On June 10, 2008, Donaghy’s attorney filed a court document alleging, among other things, that Game 6 of the 2002 Western Conference Finals between the Los Angeles Lakers and Sacramento Kings was fixed by two referees. The letter states that Donaghy “learned from Referee A that Referees A and F wanted to extend the series to seven games. Tim knew Referees A and F to be ‘company men’, always acting in the interest of the NBA, and that night, it was in the NBA’s interest to add another game to the series.” The Lakers won Game 6, attempting 18 more free throws than the Kings in the fourth quarter, and went on to win the 2002 NBA Finals. The teams were not named, but the Western Conference Finals was the only seven-game series that year. The document claimed that Donaghy told federal agents that to increase television ratings and ticket sales, “top executives of the NBA sought to manipulate games using referees”. It also said that NBA officials would tell referees to not call technical fouls on certain players, and states that a referee was privately reprimanded by the league for ejecting a star player in the first quarter of a January 2000 game. Stern denied the accusations, calling Donaghy a “singing, cooperating witness”. Federal authorities investigated Donaghy’s claims and found no evidence to support them. About this, AUSA Jeffrey Goldberg told the court, “…we’ve never taken the position that Mr. Donaghy has lied to us. But there is a difference between telling the truth and believing you’re telling the truth and finding out later that a number of the allegations don’t hold any water.”
On July 29, 2008, Donaghy was sentenced in the United States District Court for the Eastern District of New York to 15 months in prison for his participation in the gambling scandal. Donaghy could have faced up to 33 months, but Judge Carol Amon reduced his sentence to 15 months (two 15-month terms served concurrently, followed by 3 years of supervised release) in exchange for his cooperation. Judge Amon noted she held Donaghy “more culpable” than his two co-conspirators, adding, “Without Mr. Donaghy, there was no scheme.” His lawyer, John Lauro, asked for probation, but the request was denied. Donaghy apologized in court, saying “I brought shame on myself, my family and the profession.” Battista and Martino were sentenced earlier that month, earning sentences of 15 months and 366 days, respectively.
Donaghy resigned from the league on July 9, 2007 after reports of an investigation by the Federal Bureau of Investigation (FBI) for allegations that he bet on games that he officiated during his last two seasons and that he made calls affecting the point spread in those games. On August 15, 2007, Donaghy pleaded guilty to two federal charges related to the investigation. However, he could face more charges at the state level if it was determined that he deliberately miscalled individual games. Doughy was sentenced to 15 months in federal prison on July 29, 2008. He served 11 months in a federal prison camp in Pensacola, Florida and the remainder of his sentence in a halfway house, but was sent back to prison in August for violating his release terms. He was released on November 4, 2009 after serving out his sentence.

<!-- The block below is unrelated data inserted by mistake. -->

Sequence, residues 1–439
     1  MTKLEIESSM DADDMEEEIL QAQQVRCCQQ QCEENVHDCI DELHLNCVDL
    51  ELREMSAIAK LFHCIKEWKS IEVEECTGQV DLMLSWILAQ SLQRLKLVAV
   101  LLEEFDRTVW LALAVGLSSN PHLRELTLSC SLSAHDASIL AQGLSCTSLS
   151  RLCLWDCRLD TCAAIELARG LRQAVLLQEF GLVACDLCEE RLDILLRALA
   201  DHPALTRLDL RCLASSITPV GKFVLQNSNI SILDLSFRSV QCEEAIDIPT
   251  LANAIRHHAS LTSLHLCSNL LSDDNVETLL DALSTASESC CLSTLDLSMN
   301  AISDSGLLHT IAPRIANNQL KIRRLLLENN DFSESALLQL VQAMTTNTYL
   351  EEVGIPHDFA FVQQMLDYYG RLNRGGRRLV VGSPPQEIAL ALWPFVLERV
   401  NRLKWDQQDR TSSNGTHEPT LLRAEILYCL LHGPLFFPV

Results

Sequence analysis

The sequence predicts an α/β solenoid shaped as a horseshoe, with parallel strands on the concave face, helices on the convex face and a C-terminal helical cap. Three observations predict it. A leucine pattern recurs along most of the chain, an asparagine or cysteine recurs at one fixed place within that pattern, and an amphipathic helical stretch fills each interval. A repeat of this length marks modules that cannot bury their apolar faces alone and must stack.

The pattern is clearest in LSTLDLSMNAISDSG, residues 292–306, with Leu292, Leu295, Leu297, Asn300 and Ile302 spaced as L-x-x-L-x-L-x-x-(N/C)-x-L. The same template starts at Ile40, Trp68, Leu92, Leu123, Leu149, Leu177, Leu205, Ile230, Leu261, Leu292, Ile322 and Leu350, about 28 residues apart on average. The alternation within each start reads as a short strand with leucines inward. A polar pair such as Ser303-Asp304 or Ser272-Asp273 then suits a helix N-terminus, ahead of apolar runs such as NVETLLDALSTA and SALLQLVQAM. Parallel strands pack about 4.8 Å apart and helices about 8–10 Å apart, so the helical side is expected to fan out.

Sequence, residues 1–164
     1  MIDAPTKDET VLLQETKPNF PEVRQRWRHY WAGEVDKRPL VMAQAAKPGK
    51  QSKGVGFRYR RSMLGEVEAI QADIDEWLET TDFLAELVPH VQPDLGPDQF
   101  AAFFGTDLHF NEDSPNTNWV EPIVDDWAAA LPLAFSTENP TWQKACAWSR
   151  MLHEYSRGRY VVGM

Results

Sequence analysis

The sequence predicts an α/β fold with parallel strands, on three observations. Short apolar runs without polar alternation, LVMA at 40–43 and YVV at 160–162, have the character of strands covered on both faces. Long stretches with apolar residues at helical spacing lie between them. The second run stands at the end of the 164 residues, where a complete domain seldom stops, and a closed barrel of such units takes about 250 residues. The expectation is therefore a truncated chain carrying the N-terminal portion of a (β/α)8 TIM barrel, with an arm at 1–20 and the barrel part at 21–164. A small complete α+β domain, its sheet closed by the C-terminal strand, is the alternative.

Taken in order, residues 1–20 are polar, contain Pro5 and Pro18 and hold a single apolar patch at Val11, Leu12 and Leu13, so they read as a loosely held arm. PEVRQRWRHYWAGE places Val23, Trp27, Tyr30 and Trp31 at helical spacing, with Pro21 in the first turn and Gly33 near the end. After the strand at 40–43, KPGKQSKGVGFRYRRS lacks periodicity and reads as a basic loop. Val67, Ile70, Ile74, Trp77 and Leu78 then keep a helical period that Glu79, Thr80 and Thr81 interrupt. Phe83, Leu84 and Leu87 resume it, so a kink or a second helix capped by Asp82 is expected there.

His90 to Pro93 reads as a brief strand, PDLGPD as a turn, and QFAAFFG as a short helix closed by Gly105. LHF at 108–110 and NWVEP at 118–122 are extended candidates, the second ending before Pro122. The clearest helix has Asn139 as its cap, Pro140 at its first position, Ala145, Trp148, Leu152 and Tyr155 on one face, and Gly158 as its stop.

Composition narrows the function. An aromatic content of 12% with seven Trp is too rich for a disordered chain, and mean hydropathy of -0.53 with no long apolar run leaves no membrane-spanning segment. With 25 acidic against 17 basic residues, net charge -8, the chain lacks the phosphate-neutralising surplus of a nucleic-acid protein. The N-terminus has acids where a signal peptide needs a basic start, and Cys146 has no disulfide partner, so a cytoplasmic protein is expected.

On July 20, 2007, columnist Murray Weiss of the New York Post reported an investigation by the FBI into allegations of an NBA referee betting on games to control the point spread. It was revealed that Donaghy, who has a gambling problem, placed tens of thousands of dollars in bets on games during the 2005–06 and 2006–07 season and had been approached by low-level mob associates to work on a gambling scheme. Mike Missanelli of The Stephen A. Smith Show suggested that Donaghy had gotten himself into debt and tried to make it up by betting on games.
According to the Associated Press, Andrew Thomas, the former county attorney for Maricopa County, Arizona, asked the NBA and FBI if Donaghy intentionally miscalled two Phoenix Suns road playoff games. The games in question occurred on April 29, 2007 versus the Los Angeles Lakers and May 12, 2007 versus the San Antonio Spurs. In a letter to Stern and FBI director Robert Mueller, Thomas said that Donaghy’s conduct may have violated Arizona criminal law, and could face charges there.